WASHINGTON — The collective message coming out of the Vegas Golden Knights’ dressing room following their 3-1 loss to the Washington Capitals in Game 3 of the 2018 Stanley Cup Final was the need to be better. The aggressive, speedy, chance-creating team we’ve seen all season was nowhere to be found inside Capital One Arena Saturday night.
Vegas generated only 22 shots on Braden Holtby, who if not for a third period brain cramp, would have likely recorded his third shutout of the playoffs. While Marc-Andre Fleury was keeping his team in the game with a number of highlight-reel stops, Holtby’s night wasn’t as busy with the Golden Knights failing to get to his net and create any sort of traffic.
Deryk Engelland summed it up saying there was a lack of chaos in front of the Washington net.
The Golden Knights were giving pucks away all night and had issues getting extending zone time with too many one-and-done zone entries. They were slow and were unable to transition successfully like they’ve done so many nights before.
“I think we’re a little late to pucks, late to forecheck,” said forward Alex Tuch. “We’re not forechecking as a five-man unit. We’ve just got to fix it.”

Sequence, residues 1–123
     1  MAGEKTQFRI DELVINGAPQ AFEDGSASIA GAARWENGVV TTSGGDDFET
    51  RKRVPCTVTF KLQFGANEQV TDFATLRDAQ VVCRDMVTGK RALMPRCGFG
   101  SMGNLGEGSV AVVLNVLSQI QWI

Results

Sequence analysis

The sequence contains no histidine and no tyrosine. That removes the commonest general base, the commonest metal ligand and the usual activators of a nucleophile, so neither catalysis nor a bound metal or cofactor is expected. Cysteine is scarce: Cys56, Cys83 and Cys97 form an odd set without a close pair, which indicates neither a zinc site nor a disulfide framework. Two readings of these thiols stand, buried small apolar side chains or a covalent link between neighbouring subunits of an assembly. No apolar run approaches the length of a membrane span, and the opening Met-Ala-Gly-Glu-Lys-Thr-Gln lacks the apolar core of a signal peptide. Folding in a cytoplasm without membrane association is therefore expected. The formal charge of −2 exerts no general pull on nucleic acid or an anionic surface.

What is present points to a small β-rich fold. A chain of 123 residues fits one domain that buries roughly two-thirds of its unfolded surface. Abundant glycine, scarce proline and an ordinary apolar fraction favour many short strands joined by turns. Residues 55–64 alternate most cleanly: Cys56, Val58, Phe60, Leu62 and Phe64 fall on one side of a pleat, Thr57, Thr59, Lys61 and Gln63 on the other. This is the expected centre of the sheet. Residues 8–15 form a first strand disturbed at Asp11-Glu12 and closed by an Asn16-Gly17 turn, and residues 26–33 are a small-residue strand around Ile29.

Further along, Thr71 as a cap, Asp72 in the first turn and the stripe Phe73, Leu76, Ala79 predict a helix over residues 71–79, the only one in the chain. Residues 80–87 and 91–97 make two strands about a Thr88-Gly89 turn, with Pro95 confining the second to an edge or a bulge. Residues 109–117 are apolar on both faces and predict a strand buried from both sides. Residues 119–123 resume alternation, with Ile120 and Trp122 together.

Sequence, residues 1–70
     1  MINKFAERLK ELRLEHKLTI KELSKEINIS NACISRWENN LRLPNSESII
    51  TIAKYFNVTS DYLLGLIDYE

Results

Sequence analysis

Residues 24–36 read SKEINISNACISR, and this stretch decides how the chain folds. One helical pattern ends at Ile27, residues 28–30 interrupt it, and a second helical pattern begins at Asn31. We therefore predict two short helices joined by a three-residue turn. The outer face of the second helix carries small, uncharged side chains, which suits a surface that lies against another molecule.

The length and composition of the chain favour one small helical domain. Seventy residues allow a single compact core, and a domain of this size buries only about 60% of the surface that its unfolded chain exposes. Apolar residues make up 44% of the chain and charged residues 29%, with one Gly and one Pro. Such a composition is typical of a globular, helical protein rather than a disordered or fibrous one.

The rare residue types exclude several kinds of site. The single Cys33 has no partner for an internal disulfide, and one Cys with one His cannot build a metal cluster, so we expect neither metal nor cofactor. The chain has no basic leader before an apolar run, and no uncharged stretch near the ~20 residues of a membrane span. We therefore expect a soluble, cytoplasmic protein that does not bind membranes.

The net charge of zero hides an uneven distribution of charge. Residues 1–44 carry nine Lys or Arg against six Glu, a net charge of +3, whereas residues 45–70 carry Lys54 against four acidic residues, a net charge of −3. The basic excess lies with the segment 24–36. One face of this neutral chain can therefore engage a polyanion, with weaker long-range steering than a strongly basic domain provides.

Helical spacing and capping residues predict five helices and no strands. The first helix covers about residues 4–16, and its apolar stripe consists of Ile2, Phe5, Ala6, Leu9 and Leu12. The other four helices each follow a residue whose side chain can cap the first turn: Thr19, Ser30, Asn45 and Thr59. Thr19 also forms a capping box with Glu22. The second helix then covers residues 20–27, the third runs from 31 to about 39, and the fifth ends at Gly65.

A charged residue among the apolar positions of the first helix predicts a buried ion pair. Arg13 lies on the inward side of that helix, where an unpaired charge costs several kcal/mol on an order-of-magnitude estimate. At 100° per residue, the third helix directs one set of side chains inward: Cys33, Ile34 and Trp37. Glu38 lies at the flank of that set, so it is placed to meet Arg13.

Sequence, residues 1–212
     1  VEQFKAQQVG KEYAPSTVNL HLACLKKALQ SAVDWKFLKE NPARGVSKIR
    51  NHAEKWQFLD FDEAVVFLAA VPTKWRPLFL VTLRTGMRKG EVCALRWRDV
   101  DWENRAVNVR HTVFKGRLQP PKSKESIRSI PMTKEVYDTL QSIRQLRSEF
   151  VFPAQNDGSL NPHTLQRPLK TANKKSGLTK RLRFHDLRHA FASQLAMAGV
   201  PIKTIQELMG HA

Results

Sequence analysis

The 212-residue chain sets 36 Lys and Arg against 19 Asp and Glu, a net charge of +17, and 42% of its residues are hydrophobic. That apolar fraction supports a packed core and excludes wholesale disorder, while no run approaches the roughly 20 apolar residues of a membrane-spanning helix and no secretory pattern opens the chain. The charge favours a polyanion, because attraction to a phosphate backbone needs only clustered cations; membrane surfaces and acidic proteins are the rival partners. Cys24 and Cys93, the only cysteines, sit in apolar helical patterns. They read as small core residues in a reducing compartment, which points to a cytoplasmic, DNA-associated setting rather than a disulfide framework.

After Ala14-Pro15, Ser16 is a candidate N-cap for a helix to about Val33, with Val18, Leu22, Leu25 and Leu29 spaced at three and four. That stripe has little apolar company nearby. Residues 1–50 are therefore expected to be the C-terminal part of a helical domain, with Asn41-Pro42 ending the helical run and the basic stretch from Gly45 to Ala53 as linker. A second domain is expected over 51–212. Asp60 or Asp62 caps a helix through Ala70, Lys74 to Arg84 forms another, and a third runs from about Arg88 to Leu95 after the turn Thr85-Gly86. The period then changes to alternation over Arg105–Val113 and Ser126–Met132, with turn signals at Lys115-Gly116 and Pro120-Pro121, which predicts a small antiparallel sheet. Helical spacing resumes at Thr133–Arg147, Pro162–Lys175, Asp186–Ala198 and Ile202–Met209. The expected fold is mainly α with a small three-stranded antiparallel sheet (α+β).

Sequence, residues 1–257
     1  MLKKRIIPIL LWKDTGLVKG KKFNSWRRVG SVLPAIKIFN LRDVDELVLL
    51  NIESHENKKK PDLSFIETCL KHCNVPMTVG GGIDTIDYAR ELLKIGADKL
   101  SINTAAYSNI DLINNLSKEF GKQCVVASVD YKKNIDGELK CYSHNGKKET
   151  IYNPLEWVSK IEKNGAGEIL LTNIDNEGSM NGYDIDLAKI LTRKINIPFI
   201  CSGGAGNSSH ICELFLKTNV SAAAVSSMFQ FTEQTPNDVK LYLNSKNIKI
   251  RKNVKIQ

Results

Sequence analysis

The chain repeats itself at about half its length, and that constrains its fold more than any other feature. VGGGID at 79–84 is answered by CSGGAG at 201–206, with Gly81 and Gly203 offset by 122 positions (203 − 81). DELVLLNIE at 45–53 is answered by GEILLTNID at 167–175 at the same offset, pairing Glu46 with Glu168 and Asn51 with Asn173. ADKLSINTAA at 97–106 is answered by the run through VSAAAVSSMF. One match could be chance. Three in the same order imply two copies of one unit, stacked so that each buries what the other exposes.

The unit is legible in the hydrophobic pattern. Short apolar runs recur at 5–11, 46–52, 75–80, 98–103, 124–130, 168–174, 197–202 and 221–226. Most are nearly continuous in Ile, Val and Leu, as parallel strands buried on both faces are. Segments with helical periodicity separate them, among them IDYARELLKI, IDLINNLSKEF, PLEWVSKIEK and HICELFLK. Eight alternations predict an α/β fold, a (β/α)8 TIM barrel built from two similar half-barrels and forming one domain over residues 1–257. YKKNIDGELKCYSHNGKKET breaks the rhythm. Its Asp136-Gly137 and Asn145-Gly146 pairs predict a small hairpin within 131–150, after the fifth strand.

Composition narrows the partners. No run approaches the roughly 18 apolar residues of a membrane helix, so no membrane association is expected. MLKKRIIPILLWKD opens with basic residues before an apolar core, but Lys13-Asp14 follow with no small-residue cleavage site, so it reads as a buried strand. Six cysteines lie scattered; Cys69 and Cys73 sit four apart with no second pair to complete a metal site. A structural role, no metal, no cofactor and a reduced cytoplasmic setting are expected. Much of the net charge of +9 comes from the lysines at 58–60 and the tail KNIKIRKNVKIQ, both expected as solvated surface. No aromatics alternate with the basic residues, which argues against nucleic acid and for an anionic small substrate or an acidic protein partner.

“For us, it’s unacceptable,” said forward James Neal.
In keeping Vegas’ offense at bay, the Capitals blocked 26 shots and clogged passing lanes, limiting any attempts at generating scoring chances. That kind of containment forced the Golden Knights off their game and ended up creating turnovers.
“We’ve got to be patient. Maybe make a quicker play, shoot before they get down, don’t force pucks,” Tuch said. “That’s what they were making us do. We were forcing pucks. We were forcing plays. Soon as we knew they were blocking shots, we got too cute, turned the puck over and had odd-man rushes against. We’ve just got to do straight lines and don’t overcomplicate things.”
Shea Theodore had a night to forget with a two turnovers (one thanks to a broken stick) that led to Washington goals. But the Game 3 loss can’t be pinned on just one player. Outside of Fleury, it was a poor effort collectively. The Capitals are seemingly getting better as the series moves along while the Golden Knights are regressing in areas. Every game in the Stanley Cup Final is a must-win game and the pressure to win Game 4 on Monday for Vegas just increased.
“When we play the right way, we deserve to win,” said forward Cody Eakin. “Tonight, we didn’t.”
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Sean Leahy is a writer for Pro Hockey Talk on NBC Sports. Drop him a line at firstname.lastname@example.org or follow him on Twitter @Sean_Leahy.